6. de Bandt, Olivier & Hartmann, Philipp, 2000. "Systemic Risk: A Survey," CEPR Discussion Papers 2634, C.E.P.R. Discussion Papers.
  7. G.G. Kaufman, 2000. "Banking and Currency Crises and Systemic Risk: A Taxonomy and Review," DNB Staff Reports (discontinued) 48, Netherlands Central Bank.
  8. Peter M. DeMarzo, 2005. "The Pooling and Tranching of Securities: A Model of Informed Intermediation," Review of Financial Studies, Society for Financial Studies, vol. 18(1), pages 1-35.
  9. Greenbaum, Stuart I. & Thakor, Anjan V., 1987. "Bank funding modes : Securitization versus deposits," Journal of Banking & Finance, Elsevier, vol. 11(3), pages 379-401, September.
  10. Lehar, Alfred, 2005. "Measuring systemic risk: A risk management approach," Journal of Banking & Finance, Elsevier, vol. 29(10), pages 2577-2603, October.
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Citations

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Cited by:
  1. Fender, Ingo & Mitchell, Janet, 2009. "Incentives and Tranche Retention in Securitisation: A Screening Model," CEPR Discussion Papers 7483, C.E.P.R. Discussion Papers.
  2. David Colander & Hans Föllmer & Armin Haas & Michael Goldberg & Katarina Juselius & Alan Kirman & Thomas Lux & Brigitte Sloth, 2009. "The Financial Crisis and the Systemic Failure of Academic Economics," Kiel Working Papers 1489, Kiel Institute for the World Economy.
  3. Di Cesare, Antonio, 2009. "Securitization and Bank Stability," MPRA Paper 16831, University Library of Munich, Germany.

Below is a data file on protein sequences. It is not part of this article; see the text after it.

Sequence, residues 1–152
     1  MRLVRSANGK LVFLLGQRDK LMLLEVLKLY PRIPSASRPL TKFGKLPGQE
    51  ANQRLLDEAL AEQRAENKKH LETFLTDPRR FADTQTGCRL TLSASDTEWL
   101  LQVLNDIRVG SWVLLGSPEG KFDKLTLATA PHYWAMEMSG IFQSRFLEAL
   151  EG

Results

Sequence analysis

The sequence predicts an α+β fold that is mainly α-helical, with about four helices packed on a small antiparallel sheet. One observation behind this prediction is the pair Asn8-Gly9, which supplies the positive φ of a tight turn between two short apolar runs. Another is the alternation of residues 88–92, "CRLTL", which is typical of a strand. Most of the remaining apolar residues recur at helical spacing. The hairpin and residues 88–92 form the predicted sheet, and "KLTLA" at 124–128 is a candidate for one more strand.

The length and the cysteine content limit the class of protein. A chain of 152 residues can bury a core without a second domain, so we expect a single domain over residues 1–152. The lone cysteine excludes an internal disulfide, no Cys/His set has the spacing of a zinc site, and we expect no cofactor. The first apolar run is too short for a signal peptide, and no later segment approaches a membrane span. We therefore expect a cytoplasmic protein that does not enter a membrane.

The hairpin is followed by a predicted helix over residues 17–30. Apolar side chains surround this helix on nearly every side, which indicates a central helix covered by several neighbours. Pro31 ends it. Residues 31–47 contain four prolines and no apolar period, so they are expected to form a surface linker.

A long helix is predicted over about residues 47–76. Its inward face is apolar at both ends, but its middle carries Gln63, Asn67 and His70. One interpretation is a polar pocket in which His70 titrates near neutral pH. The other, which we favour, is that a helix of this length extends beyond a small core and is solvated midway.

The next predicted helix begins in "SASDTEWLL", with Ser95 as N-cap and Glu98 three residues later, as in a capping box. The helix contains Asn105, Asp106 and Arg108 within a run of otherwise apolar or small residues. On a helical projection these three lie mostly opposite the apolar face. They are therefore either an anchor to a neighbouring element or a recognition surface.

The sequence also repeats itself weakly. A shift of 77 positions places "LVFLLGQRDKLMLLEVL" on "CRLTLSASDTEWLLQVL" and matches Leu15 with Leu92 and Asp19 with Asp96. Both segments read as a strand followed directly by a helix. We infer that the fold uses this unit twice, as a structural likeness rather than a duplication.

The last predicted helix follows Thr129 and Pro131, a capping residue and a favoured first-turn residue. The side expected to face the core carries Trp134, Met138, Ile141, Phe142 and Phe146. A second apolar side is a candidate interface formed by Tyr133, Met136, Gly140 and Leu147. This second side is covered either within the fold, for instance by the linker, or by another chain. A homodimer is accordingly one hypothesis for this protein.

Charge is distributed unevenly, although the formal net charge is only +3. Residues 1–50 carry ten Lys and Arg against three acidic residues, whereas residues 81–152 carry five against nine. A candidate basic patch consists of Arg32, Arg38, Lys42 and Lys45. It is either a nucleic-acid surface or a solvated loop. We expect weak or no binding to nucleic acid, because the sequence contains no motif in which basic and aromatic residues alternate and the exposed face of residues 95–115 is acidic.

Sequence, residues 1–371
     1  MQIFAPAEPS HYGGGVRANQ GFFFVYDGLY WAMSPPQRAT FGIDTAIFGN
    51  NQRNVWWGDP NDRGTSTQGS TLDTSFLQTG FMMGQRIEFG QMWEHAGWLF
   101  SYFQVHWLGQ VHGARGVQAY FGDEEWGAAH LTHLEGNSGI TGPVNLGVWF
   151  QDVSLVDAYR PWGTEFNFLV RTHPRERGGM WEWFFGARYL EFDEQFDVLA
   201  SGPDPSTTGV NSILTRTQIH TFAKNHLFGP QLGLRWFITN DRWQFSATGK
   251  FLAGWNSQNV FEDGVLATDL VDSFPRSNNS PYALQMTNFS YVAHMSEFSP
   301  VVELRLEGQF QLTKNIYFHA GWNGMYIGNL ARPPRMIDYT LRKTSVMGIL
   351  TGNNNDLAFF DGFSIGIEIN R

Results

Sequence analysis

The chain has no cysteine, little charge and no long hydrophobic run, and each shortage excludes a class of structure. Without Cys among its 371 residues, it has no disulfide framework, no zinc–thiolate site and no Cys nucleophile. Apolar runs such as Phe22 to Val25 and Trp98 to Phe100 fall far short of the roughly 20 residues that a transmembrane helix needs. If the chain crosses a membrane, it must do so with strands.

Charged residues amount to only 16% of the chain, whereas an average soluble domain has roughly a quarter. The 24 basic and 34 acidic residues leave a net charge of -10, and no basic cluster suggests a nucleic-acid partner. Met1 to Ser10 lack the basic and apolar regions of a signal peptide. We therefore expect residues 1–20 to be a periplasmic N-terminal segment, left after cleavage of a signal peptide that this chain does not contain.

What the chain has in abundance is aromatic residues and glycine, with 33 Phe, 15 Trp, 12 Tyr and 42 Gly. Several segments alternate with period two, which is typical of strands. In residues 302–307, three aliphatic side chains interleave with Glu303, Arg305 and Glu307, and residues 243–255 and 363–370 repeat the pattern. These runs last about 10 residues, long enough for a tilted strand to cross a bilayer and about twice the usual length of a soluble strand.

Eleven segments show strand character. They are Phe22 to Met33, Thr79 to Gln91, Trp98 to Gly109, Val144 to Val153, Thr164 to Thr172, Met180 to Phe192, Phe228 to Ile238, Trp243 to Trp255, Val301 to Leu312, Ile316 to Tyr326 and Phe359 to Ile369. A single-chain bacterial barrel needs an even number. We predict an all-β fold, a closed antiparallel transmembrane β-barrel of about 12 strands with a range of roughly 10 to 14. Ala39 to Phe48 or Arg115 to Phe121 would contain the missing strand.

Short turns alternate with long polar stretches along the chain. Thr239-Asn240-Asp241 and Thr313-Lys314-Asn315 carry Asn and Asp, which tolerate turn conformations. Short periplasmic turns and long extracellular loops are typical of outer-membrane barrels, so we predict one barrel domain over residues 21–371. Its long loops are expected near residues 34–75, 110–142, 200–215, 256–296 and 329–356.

4. W. Scott Frame & Lawrence J. White, 2009. "Technological Change, Financial Innovation, and Diffusion in Banking," Working Papers 09-03, New York University, Leonard N. Stern School of Business, Department of Economics.
  5. Kara, Alper & Marqués-Ibáñez, David & Ongena, Steven, 2011. "Securitization and lending standards: evidence from the wholesale loan market," Working Paper Series 1362, European Central Bank.
  6. Hallak, Issam, 2009. "Renegotiation and the pricing structure of sovereign bank loans: Empirical evidence," Journal of Financial Stability, Elsevier, vol. 5(1), pages 89-103, January.
  7. Battaglia, Francesca & Gallo, Angela, 2013. "Securitization and systemic risk: An empirical investigation on Italian banks over the financial crisis," International Review of Financial Analysis, Elsevier, vol. 30(C), pages 274-286.
  8. Deming Wu & Jiawen Yang & Han Hong, 2011. "Securitization and Banks’ Equity Risk," Journal of Financial Services Research, Springer, vol. 39(3), pages 95-117, June.
  9. Lin, Justin Yifu & Treichel, Volker, 2012. "The crisis in the Euro zone : did the euro contribute to the evolution of the crisis ?," Policy Research Working Paper Series 6127, The World Bank.
  10. Scholz, Julia, 2009. "Collateralized Debt Obligations: Anreizprobleme im Rahmen des Managements von CDOs," Discussion Papers in Business Administration 11002, University of Munich, Munich School of Management.
  11. Carbó-Valverde, Santiago & Marques-Ibanez, David & Rodríguez-Fernández, Francisco, 2012. "Securitization, risk-transferring and financial instability: The case of Spain," Journal of International Money and Finance, Elsevier, vol. 31(1), pages 80-101.